From binding protein to enzyme: investigating the emergence of cyclohexadienyl dehydratase activity from non-catalytic ancestral proteins

BE Clifton1, JA Kaczmarski1, PD Carr1, N Tokuriki2 and CJ Jackson1

  1. Research School of Chemistry, Australian National University, Canberra, ACT, 0200, Australia
  2. Michael Smith Laboratories, University of British Columbia, Vancouver, BC, V6T 1Z4, Canada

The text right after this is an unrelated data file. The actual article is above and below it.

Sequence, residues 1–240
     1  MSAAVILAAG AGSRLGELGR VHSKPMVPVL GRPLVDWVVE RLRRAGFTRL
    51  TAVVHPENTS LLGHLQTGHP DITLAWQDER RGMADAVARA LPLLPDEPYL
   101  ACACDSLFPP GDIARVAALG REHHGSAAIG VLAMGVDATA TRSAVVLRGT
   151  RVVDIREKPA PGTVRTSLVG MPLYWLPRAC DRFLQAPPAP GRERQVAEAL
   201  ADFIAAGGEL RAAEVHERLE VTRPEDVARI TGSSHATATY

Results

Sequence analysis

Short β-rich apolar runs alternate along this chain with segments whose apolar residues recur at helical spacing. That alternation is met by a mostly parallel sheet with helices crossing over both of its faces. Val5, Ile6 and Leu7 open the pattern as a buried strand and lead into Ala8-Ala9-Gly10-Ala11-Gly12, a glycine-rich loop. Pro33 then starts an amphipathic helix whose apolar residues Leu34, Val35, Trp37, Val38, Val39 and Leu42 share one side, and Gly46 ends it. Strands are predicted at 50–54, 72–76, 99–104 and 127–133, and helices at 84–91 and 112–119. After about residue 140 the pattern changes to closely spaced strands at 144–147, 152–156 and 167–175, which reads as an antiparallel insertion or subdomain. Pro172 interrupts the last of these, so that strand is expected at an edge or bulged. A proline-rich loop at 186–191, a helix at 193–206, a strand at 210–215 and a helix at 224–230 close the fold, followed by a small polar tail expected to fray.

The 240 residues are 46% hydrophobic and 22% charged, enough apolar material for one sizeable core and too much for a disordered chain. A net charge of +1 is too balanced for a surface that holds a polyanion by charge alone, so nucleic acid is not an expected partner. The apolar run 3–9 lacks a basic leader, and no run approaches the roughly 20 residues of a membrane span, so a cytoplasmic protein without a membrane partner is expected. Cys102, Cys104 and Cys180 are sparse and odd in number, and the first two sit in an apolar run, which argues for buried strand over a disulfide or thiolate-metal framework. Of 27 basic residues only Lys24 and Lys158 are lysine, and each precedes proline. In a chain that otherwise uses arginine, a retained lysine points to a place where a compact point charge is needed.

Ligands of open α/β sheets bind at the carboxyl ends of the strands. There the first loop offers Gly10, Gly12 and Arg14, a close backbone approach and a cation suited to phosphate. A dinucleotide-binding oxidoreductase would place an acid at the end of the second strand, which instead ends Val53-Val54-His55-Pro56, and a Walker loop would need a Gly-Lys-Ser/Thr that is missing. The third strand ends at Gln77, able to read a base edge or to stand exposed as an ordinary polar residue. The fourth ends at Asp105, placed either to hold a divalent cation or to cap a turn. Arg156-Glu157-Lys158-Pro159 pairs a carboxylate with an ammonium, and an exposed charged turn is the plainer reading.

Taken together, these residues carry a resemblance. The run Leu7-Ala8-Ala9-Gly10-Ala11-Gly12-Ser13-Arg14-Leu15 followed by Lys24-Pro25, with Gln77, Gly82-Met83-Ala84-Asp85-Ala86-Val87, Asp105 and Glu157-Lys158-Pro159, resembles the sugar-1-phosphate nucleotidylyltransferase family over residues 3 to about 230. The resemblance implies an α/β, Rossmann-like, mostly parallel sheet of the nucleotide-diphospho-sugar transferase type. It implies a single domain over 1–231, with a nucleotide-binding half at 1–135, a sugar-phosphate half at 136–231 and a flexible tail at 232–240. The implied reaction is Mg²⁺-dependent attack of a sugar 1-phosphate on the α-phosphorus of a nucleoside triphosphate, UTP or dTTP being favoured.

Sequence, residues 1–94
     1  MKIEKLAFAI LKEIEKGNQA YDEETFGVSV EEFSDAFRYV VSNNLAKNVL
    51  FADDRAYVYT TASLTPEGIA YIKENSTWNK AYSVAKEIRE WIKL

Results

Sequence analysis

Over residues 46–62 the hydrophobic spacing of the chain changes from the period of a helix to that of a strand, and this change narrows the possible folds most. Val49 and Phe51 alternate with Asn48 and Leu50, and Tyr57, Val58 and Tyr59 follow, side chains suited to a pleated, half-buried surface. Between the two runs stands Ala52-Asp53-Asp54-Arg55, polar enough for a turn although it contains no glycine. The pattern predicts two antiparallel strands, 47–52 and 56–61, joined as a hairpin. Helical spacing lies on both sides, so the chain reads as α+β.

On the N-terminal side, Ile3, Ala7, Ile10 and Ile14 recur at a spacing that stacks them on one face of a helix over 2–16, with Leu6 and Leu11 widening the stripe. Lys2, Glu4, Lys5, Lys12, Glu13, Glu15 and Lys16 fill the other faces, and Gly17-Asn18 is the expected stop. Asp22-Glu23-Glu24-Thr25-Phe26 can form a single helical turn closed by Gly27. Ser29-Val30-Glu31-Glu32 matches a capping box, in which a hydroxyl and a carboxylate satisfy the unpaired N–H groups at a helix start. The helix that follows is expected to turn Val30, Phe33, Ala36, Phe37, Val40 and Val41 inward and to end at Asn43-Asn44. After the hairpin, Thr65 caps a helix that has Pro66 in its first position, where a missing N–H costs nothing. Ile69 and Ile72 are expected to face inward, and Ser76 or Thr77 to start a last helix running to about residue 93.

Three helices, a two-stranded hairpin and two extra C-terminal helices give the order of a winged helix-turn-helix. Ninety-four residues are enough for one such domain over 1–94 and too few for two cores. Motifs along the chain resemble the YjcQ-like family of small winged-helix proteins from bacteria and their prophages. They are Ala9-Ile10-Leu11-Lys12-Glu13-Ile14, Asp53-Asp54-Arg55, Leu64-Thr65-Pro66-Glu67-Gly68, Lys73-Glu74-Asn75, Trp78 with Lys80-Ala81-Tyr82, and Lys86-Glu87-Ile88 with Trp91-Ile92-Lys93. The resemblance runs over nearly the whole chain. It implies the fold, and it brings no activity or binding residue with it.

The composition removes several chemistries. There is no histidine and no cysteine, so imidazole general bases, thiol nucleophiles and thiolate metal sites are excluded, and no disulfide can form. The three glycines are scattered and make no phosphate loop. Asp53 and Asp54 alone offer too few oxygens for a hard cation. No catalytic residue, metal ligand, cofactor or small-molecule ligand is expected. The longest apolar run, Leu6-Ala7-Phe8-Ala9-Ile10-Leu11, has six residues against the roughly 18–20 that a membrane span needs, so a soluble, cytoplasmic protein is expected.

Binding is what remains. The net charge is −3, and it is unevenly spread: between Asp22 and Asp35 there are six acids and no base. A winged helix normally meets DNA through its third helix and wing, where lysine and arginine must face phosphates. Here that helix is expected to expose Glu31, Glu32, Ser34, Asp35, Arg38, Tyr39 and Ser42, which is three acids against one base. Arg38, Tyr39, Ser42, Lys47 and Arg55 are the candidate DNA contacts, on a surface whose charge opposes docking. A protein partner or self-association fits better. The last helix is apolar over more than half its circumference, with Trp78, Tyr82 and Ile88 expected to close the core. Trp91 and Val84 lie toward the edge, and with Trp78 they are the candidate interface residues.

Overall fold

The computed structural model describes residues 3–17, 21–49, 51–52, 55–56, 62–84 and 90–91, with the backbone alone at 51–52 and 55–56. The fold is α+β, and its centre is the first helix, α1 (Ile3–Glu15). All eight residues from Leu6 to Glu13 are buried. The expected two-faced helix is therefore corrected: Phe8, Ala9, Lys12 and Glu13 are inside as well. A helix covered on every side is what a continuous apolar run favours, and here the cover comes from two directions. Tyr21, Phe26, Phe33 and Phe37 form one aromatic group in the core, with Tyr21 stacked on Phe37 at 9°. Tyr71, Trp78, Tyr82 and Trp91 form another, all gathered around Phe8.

Introducing catalytic function into non-catalytic protein scaffolds remains a major challenge in the field of enzyme design. Using ancestral protein reconstruction, we investigated how nature navigates this problem by characterising the evolutionary trajectory from a non-catalytic solute binding protein (SBP) to a catalytically active cyclohexadienyl dehydratase (CDT). Functional characterisation of extant homologs of CDT and reconstructed ancestral proteins reveal that CDT evolved from an arginine-binding protein via an intermediate of unknown function. The mutations required to introduce CDT activity into a non-catalytic ancestral protein were identified using site-directed mutagenesis and directed evolution. Crystal structures and molecular dynamics simulations highlight the structural basis for the emergence of catalysis in the SBP fold and indicate that a change in the conformational landscape of the proteins is likely to have contributed to the evolution of CDT activity.